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Section Questions and Answers

Extraction of Teeth

  1. Why must a good blood clot form after a tooth has been extracted?
  2. What is done to stop the bleeding after an extraction?
  3. What precautions can be taken after the extraction?
  4. What can be done about facial swelling after an extraction?
  5. What is dry socket?
  6. What are the symptoms of dry socket?
  7. How does it happen?
  8. What is the treatment for dry socket?

 
1. Why must a good blood clot form after a tooth has been extracted?

  • It is very important for a good blood clot to form after a tooth has been extracted.
    It acts as a bandage over the exposed bone in the socket and assists the healing process.

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After extractions

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2. What is done to stop the bleeding after an extraction?

  • Your dentist will place a wad of cotton wool and gauze over the socket for you to bite on.
    • This should stop the bleeding.
      There may be a slight seepage for a few hours, but this will pass.
    • If the bleeding does not stop, tell your dentist.

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3. What precautions can be taken after the extraction?

  • Care needs to be taken after an extraction to prevent the blood clot from becoming infected or dislodged:
    • Do not rinse your mouth on the day of the extraction.
    • The blood clot will have a better chance of staying in place to assist the healing.
    • Gentle rinsing can begin the day after the extraction.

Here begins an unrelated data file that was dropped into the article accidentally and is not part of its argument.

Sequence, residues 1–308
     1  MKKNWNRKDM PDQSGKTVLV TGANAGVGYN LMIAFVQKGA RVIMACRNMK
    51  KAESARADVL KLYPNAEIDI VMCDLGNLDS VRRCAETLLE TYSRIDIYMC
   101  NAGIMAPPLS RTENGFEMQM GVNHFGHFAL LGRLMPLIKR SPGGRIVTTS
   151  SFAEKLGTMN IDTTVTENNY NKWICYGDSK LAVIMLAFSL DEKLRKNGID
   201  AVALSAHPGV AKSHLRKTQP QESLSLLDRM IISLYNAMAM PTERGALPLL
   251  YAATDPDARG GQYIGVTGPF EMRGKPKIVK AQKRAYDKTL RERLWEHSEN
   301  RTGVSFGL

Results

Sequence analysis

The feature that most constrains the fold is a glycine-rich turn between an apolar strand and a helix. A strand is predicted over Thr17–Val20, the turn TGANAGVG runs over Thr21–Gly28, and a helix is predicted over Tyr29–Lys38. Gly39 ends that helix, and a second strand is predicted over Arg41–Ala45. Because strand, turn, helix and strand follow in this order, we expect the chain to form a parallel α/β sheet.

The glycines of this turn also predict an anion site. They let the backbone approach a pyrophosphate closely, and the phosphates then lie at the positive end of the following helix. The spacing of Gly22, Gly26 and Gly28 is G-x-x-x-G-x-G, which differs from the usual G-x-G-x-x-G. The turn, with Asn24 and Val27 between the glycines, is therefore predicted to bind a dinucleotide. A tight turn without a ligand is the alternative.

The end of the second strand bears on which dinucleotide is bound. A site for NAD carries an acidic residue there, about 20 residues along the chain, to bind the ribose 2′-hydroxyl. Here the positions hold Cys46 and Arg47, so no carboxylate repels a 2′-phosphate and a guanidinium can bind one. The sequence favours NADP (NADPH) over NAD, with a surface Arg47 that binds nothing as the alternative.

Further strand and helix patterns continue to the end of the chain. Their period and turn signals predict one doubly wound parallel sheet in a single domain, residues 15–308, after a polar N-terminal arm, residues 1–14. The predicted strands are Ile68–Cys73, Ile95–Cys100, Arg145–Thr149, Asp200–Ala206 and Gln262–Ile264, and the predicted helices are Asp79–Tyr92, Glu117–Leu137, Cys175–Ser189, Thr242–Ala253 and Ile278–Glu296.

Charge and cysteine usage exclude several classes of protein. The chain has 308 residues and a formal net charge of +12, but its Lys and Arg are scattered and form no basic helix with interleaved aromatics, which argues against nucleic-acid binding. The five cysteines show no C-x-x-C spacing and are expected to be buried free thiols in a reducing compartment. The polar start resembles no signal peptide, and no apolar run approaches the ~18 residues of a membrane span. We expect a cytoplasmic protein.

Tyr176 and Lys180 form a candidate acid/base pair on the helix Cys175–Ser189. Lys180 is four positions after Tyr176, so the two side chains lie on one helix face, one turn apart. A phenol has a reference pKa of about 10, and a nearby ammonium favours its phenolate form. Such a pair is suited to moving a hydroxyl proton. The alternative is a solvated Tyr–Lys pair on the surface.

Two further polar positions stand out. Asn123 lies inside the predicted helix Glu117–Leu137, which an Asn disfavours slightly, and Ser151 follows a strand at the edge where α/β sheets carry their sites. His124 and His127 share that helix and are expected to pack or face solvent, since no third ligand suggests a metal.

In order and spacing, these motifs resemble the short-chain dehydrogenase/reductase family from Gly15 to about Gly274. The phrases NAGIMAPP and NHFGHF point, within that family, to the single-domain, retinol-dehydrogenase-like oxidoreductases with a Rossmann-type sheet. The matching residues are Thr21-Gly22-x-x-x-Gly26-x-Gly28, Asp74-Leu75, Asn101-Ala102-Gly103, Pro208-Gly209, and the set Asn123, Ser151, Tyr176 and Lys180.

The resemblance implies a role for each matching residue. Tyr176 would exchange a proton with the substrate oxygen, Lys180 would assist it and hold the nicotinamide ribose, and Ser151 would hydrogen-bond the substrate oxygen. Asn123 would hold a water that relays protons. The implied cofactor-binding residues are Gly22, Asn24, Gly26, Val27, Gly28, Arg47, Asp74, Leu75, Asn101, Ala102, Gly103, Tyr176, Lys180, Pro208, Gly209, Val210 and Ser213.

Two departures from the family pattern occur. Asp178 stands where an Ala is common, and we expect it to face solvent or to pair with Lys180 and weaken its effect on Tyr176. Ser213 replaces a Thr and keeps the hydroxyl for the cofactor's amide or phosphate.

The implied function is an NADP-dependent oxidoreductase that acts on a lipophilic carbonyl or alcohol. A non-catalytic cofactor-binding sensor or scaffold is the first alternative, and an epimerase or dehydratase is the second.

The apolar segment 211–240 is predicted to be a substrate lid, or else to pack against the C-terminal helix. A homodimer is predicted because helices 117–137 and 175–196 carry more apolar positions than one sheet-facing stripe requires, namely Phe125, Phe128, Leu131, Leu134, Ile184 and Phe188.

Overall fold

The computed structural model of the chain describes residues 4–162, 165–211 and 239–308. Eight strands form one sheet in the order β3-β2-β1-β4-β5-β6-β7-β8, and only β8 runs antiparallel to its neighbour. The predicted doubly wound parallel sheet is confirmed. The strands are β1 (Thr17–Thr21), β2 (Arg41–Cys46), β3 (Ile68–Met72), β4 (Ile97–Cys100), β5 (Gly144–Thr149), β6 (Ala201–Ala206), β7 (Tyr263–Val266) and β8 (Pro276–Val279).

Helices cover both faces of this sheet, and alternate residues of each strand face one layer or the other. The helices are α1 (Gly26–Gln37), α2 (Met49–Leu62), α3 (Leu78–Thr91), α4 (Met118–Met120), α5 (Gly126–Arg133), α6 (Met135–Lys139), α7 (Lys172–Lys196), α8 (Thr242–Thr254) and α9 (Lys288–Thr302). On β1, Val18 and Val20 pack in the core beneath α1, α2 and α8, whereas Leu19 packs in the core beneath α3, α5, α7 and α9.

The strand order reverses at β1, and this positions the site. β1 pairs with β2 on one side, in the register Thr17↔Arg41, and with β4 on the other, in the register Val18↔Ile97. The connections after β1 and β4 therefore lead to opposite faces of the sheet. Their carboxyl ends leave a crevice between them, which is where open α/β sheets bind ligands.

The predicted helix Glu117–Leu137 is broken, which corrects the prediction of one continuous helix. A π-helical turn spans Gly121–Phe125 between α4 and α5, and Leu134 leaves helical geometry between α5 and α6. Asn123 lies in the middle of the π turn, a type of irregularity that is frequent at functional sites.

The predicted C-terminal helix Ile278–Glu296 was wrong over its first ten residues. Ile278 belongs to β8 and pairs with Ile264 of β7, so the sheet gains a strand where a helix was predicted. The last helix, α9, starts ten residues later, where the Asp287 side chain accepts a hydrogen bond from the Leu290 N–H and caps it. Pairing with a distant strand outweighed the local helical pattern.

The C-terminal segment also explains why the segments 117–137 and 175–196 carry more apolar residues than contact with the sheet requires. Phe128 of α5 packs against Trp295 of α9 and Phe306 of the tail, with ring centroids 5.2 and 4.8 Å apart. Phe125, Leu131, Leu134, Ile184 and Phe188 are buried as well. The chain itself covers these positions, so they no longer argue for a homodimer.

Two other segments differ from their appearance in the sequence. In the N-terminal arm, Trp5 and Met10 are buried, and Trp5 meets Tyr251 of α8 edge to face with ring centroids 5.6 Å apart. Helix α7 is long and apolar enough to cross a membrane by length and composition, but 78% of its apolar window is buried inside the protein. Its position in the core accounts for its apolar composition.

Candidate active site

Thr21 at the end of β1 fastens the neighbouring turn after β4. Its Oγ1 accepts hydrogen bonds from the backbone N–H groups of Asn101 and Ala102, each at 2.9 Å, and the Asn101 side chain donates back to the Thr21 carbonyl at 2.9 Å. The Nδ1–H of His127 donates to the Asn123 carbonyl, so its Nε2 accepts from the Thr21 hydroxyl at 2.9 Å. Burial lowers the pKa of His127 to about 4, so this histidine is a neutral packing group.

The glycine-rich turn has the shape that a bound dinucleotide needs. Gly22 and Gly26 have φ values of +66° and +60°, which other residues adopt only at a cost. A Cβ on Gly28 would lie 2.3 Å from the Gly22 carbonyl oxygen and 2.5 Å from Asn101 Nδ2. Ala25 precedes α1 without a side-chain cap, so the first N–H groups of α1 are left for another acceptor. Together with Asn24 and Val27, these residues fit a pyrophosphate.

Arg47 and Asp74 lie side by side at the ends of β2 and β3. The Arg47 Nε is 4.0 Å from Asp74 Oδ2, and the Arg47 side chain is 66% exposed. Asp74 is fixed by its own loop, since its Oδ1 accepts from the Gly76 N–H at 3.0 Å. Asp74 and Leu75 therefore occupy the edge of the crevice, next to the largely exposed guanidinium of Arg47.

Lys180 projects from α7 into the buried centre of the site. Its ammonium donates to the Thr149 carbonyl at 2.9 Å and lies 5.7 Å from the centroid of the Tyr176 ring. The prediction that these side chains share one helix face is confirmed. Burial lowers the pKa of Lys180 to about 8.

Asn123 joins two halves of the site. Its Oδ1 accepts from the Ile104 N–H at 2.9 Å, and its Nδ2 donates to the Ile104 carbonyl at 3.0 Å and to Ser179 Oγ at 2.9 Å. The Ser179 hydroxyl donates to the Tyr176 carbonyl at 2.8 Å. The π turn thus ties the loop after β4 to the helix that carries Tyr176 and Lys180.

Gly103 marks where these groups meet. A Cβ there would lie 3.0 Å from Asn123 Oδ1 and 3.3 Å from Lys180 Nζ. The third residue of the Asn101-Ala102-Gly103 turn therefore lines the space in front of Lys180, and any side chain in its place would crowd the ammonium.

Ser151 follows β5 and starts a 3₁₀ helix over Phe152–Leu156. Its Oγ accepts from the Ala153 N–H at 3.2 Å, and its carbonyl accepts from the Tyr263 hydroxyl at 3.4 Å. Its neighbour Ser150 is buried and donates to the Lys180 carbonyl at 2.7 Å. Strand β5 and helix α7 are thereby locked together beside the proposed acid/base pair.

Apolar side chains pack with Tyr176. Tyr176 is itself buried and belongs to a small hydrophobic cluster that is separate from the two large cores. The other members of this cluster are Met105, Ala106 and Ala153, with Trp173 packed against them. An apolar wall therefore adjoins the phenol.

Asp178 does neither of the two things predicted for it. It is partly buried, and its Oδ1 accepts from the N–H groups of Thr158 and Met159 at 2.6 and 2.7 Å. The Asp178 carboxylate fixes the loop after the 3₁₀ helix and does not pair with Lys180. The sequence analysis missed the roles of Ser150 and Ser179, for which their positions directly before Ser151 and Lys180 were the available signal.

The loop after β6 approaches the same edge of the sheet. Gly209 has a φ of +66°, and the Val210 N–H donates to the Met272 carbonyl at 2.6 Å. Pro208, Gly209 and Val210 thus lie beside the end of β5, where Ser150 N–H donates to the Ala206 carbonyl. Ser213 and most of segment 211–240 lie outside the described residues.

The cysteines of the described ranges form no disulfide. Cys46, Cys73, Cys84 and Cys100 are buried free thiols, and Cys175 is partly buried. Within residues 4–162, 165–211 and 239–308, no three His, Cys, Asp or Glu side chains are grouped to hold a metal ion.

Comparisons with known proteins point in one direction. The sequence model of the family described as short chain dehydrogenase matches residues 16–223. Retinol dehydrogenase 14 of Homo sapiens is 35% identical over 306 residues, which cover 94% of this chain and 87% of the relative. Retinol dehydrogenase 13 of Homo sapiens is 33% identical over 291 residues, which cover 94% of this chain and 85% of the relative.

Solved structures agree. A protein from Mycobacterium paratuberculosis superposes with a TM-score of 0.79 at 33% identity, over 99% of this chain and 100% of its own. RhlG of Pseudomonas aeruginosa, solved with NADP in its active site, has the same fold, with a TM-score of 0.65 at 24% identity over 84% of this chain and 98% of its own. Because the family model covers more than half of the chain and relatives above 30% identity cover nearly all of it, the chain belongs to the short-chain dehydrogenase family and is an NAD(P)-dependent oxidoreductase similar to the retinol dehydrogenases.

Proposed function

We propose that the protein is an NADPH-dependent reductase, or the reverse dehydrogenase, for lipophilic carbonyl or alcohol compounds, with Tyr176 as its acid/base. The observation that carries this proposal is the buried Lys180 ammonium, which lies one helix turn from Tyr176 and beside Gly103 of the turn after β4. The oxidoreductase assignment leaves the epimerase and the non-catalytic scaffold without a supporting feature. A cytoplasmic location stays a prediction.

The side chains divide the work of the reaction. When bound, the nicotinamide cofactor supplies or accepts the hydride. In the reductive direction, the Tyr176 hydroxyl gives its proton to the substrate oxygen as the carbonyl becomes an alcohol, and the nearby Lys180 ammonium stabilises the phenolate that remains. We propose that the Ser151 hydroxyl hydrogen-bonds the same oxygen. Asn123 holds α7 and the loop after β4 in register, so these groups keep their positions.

• Make sure that you rinse all food out of the socket. Food left in the socket may prevent healing by becoming infected.
    • Don't smoke for a few days. It may inhibit the healing process.

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4. What can be done about facial swelling after an extraction?

  • An ice pack can be applied to the swollen part of the face.
    This can be repeated frequently for short periods at a time.

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5. What is Dry Socket?

  • Dry socket is an infection of the socket after an extraction.
    • The dry socket gets its name from the condition, in which there is not enough bleeding to form a clot.
    • The dental term for it is an osteitis of the socket, which means an infection of the bone in the socket.
    • It is also known as a "septic" socket, which is a better description than "dry" socket.
    • The lower molars are affected more often than other teeth.

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6. What are the symptoms of dry socket?

  • Pain may start two to four days after the extraction.
    • The pain feels like a toothache but it is much more severe than the original toothache.
    • It can be excruciatingly painful.

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7. How does it happen?

  • Dry socket comes about in the following way:
    • Healing cannot take place without the formation of a blood clot.
    • There may be insufficient bleeding to allow the clot to build up. This does sometimes happen after an extraction.
    • Rinsing too soon may dislodge the clot or prevent it from forming correctly.
    • The blood may break down, leaving the bone in the socket exposed.
      This can happen if the patient is on blood thinning medication.
      You need to inform the dentist if you are on this treatment.
    • An infection of the socket can follow a difficult extraction, or the extraction of a tooth with an abscess.

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8. What is the treatment for dry socket?

  • The dentist will attend to the condition:
    • A paste containing an analgesic together with an antiseptic or antibiotic, can be placed into the socket.
    • In addition to packing the socket with a dressing, the dentist may prescribe a separate antibiotic or analgesic, or both.
    • The treatment may need to be repeated until healing is under way, and the pain has stopped.

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